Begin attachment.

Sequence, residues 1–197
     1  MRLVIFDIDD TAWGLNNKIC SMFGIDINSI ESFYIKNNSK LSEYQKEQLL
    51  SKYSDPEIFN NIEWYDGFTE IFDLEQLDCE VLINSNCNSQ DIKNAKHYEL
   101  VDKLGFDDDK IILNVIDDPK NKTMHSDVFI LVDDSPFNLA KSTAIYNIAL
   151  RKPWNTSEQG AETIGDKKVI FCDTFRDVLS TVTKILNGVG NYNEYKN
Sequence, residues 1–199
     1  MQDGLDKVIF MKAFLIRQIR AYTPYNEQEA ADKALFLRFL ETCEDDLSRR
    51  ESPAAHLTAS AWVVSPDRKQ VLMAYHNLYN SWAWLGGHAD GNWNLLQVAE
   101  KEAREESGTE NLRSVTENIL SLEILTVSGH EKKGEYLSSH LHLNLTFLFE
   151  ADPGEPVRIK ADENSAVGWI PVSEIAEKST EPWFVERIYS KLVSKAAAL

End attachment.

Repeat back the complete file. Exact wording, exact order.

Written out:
Sequence, residues 1–197
     1  MRLVIFDIDD TAWGLNNKIC SMFGIDINSI ESFYIKNNSK LSEYQKEQLL
    51  SKYSDPEIFN NIEWYDGFTE IFDLEQLDCE VLINSNCNSQ DIKNAKHYEL
   101  VDKLGFDDDK IILNVIDDPK NKTMHSDVFI LVDDSPFNLA KSTAIYNIAL
   151  RKPWNTSEQG AETIGDKKVI FCDTFRDVLS TVTKILNGVG NYNEYKN
Sequence, residues 1–199
     1  MQDGLDKVIF MKAFLIRQIR AYTPYNEQEA ADKALFLRFL ETCEDDLSRR
    51  ESPAAHLTAS AWVVSPDRKQ VLMAYHNLYN SWAWLGGHAD GNWNLLQVAE
   101  KEAREESGTE NLRSVTENIL SLEILTVSGH EKKGEYLSSH LHLNLTFLFE
   151  ADPGEPVRIK ADENSAVGWI PVSEIAEKST EPWFVERIYS KLVSKAAAL